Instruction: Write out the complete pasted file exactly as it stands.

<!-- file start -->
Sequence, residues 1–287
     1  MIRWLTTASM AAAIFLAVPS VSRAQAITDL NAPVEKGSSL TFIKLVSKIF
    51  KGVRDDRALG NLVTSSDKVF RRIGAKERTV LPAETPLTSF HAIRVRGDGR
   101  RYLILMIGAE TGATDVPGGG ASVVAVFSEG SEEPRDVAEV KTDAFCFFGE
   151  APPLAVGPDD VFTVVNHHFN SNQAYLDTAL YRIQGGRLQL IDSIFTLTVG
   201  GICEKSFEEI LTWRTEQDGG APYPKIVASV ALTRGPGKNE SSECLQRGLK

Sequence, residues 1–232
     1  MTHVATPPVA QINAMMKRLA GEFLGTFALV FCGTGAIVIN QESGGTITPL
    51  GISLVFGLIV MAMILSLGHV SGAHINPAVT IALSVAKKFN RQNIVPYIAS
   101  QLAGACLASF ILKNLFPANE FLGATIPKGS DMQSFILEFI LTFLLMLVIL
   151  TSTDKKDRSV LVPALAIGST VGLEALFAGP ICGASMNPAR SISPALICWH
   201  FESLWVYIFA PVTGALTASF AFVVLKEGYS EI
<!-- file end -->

Sequence, residues 1–287
     1  MIRWLTTASM AAAIFLAVPS VSRAQAITDL NAPVEKGSSL TFIKLVSKIF
    51  KGVRDDRALG NLVTSSDKVF RRIGAKERTV LPAETPLTSF HAIRVRGDGR
   101  RYLILMIGAE TGATDVPGGG ASVVAVFSEG SEEPRDVAEV KTDAFCFFGE
   151  APPLAVGPDD VFTVVNHHFN SNQAYLDTAL YRIQGGRLQL IDSIFTLTVG
   201  GICEKSFEEI LTWRTEQDGG APYPKIVASV ALTRGPGKNE SSECLQRGLK

Sequence, residues 1–232
     1  MTHVATPPVA QINAMMKRLA GEFLGTFALV FCGTGAIVIN QESGGTITPL
    51  GISLVFGLIV MAMILSLGHV SGAHINPAVT IALSVAKKFN RQNIVPYIAS
   101  QLAGACLASF ILKNLFPANE FLGATIPKGS DMQSFILEFI LTFLLMLVIL
   151  TSTDKKDRSV LVPALAIGST VGLEALFAGP ICGASMNPAR SISPALICWH
   201  FESLWVYIFA PVTGALTASF AFVVLKEGYS EI